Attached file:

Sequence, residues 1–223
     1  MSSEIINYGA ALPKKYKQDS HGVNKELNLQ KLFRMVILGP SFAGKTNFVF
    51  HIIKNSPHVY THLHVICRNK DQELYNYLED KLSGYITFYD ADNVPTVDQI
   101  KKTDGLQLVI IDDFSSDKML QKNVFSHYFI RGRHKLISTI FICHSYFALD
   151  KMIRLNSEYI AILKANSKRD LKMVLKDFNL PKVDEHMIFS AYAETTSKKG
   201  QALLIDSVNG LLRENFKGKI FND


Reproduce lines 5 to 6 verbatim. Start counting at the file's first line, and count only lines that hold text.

   151  KMIRLNSEYI AILKANSKRD LKMVLKDFNL PKVDEHMIFS AYAETTSKKG
   201  QALLIDSVNG LLRENFKGKI FND